The City of San Luis Obispo has a bright future, but it comes with some caveats, mostly in the form of financial challenges that city leaders are working to tackle before they arrive.
On Thursday, Mayor Heidi Harmon and City Manager Derek Johnson presented the annual State of the City address.
“I think one of the great things about San Luis Obispo is this community is really connected,” Harmon said.
Last year meant a number of accomplishments in completed projects like the Laurel Lane improvements, more flight options in and out of town, electric vehicle charging stations at the parking garage, purchase of Miossi Open Space, and more. But leaders are also looking to the future for challenges and opportunities ahead.
Financially, the city is on the solid ground to address two of its biggest hurdles, the closure of Diablo Canyon in a few years and its pension obligation. Currently the city ranks 87th among the more than 480 cities in California addressing the pension liability with city employees.
“The city has been very proactive and developed a plan that we can pay down that liability over the next 20 years and essentially avoid nearly $20 million dollars in interest payments,” Johnson said. Achieving the goal has required reduced benefits and cost sharing done through conversations with labor representatives.
The city projects banking $8.9 million in savings through successful financial planning and taxpayers support in a cannabis tax for incoming grow businesses.
SLO is also seeing a significant investment to open spaces and its tourism, with the addition of 10 percent growth in new hotel rooms. These fit within the five larger goals of the city, summed up in a venn diagram. Those include: downtown viability, fiscal responsibility, sustainable transportation, climate action, and housing.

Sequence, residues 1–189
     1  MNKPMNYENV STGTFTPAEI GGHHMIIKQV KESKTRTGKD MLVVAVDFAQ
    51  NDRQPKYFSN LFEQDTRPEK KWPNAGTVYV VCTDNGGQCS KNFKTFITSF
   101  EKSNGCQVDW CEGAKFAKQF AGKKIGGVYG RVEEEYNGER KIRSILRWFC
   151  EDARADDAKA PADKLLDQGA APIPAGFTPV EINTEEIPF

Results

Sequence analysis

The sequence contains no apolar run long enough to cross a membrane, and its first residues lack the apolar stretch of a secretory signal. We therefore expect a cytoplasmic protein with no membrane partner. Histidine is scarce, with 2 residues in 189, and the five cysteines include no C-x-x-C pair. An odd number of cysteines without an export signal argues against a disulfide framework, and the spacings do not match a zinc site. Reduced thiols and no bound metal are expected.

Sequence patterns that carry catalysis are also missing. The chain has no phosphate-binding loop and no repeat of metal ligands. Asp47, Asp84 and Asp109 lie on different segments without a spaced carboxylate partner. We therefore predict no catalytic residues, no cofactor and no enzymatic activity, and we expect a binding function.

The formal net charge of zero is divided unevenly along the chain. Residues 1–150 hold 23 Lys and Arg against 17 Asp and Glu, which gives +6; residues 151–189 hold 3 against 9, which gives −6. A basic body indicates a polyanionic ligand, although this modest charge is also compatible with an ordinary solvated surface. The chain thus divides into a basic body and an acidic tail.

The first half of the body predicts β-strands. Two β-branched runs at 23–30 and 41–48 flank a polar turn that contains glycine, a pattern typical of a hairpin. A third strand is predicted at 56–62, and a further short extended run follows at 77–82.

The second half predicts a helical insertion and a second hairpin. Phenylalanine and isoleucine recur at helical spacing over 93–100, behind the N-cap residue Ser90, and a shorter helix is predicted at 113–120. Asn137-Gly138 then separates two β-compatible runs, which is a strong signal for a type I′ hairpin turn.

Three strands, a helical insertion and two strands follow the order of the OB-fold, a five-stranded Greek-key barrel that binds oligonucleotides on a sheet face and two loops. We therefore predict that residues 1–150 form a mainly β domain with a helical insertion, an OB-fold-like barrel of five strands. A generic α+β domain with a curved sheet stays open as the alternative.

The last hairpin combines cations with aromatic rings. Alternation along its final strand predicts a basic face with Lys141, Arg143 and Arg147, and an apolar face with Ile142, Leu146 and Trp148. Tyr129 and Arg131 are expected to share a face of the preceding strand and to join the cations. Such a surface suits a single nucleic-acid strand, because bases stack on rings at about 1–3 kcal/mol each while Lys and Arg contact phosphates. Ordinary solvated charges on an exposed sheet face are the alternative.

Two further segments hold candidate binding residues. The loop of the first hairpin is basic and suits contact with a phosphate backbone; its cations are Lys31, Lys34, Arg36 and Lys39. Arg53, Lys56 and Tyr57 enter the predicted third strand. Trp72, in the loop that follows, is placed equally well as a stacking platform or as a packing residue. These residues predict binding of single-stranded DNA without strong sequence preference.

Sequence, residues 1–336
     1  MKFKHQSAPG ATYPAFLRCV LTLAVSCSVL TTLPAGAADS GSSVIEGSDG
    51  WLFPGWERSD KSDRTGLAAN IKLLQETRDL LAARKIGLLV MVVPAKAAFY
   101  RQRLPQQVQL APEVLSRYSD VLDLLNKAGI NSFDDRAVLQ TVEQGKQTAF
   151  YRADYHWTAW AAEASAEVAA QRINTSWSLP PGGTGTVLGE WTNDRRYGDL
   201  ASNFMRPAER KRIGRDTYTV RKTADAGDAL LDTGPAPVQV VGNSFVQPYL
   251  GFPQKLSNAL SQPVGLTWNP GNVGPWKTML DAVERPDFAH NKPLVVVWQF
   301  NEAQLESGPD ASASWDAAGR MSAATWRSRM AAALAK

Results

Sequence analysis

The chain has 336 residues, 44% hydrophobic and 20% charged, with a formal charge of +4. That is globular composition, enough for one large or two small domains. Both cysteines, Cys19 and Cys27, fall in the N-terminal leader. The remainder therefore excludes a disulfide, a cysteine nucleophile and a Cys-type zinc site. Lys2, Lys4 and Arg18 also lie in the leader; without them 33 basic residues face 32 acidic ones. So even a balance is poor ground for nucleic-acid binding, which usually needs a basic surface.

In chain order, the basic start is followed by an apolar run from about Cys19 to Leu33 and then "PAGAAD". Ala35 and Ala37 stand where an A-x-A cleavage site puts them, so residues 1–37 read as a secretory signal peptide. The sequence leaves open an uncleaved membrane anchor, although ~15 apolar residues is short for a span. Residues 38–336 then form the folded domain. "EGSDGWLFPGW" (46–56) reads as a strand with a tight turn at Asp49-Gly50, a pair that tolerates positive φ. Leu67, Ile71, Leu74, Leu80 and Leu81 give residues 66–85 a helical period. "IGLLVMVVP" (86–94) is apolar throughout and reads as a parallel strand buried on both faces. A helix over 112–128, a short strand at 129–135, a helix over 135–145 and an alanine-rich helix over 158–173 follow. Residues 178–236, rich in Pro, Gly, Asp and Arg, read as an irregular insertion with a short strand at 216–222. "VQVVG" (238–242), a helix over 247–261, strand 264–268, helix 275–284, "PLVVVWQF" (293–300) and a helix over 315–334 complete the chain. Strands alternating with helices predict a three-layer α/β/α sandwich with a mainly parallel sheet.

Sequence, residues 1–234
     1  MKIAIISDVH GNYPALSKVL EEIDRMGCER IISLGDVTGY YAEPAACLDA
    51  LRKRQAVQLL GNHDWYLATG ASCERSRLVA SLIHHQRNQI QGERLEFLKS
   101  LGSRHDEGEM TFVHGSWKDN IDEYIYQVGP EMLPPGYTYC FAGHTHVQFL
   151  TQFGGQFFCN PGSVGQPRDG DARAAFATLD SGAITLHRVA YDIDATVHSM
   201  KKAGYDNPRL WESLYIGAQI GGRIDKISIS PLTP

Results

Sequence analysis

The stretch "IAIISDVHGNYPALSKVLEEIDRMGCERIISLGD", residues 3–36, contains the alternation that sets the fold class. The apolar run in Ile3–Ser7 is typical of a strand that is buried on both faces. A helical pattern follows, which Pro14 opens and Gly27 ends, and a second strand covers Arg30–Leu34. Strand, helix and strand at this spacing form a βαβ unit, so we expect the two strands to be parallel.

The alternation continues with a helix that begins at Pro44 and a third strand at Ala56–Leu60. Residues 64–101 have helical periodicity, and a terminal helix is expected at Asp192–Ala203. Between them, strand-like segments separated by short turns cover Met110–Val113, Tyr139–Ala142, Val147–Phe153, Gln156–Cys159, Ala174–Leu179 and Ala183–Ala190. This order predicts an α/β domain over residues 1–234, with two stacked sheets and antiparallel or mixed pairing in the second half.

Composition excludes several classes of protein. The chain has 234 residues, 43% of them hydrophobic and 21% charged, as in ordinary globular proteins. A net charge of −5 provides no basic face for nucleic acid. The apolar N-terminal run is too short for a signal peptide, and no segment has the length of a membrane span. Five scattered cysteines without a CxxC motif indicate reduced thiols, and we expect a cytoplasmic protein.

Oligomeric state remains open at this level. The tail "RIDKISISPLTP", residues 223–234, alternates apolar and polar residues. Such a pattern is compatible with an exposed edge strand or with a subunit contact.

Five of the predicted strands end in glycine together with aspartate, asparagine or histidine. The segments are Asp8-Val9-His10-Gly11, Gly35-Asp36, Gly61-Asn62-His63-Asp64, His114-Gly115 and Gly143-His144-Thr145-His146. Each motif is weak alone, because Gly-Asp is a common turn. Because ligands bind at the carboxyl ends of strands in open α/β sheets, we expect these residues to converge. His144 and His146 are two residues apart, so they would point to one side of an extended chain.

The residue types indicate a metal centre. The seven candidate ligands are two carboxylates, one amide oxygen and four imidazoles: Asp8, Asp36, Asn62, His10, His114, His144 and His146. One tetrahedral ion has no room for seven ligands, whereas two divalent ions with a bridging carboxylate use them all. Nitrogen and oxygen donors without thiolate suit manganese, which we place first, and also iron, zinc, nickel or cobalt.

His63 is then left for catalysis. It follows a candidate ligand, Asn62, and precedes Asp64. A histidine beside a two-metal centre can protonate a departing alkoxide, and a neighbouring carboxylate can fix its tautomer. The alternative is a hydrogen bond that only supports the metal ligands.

Housing remains a priority for leaders that fits in with business growth.
“One of the main barriers to businesses growing and flourishing here is they cannot find housing for their employees,” Harmon said. “So our housing goals dovetail into that economic sustainability piece too.”
“I think that the word that I would use to encapsulate all of the city goals and really the lens that we’re really looking at everything through is sustainability. How can we create a fiscally sustainable, environmentally sustainable, economically sustainable community.”
Last year, SLO leaders set a goal to become carbon neutral by 2035. Funding highlights include creating a downtown cultural center, enhancing community health and recreation, protecting natural resources, improving bicycle and pedestrian safety, and building a new police headquarters. The headquarters will require a funding mechanism that will likely go to voters in 2020.